Despite stating March 23 that there would be no change to abortion regulations, the United Kingdom’s Department for Health and Social Care announced new measures March 30 allowing women to take abortion drugs at home without medical supervision.
Pro-life advocates call the decision a “double U-turn,” as DHSC initially announced alterations to the abortion law on Twitter March 23. But just a few hours later, the government reversed course, claiming that the information was “published in error.” U.K. Health Secretary Matthew Hancock shortly followed with a statement in Parliament categorically denying any plans to change the law on abortion.
Now in another reversal, DHSC has officially approved temporary legislation to ensure at-home access to so-called medical abortion during the coronavirus pandemic.
Christian Concern, a British conservative Christian organization, announced March 31 that it is planning to mount a legal challenge to the government’s decision. The organization argues the change to the abortion law was made without proper parliamentary scrutiny, making it unconstitutional.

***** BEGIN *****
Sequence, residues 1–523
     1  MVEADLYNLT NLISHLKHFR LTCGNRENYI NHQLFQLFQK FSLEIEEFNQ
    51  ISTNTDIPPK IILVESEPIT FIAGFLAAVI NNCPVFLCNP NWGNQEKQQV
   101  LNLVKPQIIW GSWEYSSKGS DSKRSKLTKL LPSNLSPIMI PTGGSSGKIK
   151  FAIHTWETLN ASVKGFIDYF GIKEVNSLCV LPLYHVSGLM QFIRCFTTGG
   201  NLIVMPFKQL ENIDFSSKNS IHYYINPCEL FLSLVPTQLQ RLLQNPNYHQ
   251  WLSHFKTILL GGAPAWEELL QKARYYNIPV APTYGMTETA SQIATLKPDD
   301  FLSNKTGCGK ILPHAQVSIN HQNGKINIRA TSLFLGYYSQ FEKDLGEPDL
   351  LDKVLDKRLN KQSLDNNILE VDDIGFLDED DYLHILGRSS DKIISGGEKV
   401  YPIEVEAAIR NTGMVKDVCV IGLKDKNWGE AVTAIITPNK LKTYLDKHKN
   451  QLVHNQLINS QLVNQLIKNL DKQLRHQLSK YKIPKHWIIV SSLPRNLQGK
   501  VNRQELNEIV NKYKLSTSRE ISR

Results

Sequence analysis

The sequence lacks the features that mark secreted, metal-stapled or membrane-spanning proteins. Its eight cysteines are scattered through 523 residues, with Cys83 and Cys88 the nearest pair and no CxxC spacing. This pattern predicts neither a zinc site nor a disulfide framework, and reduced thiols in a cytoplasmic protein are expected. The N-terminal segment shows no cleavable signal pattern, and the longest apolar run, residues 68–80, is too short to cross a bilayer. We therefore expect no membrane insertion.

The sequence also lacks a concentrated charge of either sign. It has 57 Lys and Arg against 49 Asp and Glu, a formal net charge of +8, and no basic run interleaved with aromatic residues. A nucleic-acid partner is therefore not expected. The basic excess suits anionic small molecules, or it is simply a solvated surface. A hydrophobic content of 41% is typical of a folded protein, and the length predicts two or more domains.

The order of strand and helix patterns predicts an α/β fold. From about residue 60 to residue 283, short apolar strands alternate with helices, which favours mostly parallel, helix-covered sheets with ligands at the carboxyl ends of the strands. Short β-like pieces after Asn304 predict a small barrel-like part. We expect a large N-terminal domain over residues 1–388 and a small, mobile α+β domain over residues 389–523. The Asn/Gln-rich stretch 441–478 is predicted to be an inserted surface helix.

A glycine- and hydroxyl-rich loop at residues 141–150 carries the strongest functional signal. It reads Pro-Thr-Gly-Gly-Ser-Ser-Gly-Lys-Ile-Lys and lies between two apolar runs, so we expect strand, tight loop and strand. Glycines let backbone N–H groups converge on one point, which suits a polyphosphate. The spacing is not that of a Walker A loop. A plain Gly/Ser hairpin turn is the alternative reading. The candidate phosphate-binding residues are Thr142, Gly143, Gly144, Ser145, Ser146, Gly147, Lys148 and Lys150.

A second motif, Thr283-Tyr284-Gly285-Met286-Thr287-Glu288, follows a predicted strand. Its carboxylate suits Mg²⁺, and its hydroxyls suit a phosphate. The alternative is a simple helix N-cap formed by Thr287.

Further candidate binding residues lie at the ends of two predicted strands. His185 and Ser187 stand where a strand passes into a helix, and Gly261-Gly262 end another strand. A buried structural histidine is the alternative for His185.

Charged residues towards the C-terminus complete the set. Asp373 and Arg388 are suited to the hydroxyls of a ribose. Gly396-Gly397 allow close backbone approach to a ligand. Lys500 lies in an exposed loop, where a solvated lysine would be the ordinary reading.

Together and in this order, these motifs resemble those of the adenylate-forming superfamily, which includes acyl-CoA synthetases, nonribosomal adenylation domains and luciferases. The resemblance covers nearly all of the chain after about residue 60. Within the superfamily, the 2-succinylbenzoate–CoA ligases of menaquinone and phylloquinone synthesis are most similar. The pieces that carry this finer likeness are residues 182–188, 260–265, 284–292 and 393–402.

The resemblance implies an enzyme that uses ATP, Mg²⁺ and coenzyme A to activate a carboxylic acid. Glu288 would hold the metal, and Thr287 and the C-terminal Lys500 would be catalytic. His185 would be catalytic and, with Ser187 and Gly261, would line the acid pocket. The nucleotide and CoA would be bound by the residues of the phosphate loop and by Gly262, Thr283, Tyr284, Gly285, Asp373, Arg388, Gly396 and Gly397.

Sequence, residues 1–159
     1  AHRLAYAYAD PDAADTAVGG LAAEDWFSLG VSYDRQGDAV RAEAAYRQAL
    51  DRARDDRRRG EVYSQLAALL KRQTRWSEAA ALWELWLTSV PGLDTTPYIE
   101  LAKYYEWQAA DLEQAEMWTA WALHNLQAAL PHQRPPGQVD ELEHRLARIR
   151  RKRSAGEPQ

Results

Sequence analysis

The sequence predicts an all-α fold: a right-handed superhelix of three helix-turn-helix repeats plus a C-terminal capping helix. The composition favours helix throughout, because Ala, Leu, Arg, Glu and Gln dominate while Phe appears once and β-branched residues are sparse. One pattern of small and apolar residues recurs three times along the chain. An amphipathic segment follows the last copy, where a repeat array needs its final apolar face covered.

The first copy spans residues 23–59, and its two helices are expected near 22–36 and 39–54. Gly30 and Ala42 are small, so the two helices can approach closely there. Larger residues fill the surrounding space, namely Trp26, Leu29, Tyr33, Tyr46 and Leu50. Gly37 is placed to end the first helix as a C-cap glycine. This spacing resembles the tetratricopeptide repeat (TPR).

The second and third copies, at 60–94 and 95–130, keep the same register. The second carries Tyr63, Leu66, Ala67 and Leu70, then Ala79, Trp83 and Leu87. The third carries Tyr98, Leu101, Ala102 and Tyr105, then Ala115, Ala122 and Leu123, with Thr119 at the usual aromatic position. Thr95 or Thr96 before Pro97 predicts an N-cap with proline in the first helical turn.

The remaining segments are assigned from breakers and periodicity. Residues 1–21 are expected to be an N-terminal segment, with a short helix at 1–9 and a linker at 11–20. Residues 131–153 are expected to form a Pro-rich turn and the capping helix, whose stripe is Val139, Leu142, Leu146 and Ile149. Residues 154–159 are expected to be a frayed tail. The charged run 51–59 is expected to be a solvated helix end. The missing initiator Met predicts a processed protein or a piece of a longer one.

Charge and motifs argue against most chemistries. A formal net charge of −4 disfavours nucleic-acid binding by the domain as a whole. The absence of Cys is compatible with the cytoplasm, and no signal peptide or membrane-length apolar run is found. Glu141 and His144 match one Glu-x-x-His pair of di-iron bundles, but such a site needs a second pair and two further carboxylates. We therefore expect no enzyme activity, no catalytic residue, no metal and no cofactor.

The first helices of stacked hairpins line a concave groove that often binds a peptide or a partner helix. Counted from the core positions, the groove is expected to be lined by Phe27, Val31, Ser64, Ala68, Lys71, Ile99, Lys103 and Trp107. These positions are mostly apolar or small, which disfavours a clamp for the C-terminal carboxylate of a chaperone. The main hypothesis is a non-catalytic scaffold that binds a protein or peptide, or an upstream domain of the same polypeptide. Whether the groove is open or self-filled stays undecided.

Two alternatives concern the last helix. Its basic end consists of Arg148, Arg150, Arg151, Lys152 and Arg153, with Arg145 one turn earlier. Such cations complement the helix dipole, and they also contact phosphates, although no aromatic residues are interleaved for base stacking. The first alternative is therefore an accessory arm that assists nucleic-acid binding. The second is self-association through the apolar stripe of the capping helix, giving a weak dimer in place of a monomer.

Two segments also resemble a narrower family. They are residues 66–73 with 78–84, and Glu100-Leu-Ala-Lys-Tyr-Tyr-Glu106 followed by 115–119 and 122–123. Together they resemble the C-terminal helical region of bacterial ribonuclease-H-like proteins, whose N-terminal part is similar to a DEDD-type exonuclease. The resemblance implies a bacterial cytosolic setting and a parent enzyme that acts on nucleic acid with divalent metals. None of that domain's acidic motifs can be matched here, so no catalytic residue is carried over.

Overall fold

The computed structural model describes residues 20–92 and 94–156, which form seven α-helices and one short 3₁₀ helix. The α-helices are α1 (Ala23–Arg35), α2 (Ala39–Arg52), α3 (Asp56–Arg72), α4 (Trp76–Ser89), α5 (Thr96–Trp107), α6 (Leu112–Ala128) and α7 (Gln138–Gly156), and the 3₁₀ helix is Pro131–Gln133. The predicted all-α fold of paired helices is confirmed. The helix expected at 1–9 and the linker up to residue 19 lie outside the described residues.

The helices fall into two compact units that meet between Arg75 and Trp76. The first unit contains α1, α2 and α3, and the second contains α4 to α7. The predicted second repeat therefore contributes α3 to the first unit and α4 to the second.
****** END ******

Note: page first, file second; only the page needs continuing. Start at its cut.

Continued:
Andrea Williams, chief executive of Christian Concern, commented on the situation:
“Abortion has nothing to do with coronavirus, and abusing public trust to advance a different agenda undermines trust in the government and effectiveness of response to the epidemic. There are no proposals to our knowledge to use abortion clinics’ capacity or personnel to respond to coronavirus.
“The idea that our medical profession is prepared to prescribe such powerful drugs, in effect on demand, without seeing the patient is disturbing.”
Williams added: “Something has gone wrong at the heart of our democratic systems when such a policy is introduced without proper public scrutiny, especially when our National Health Service is and will be under such strain in the coming weeks and months. We call on the government to urgently repeal these changes.”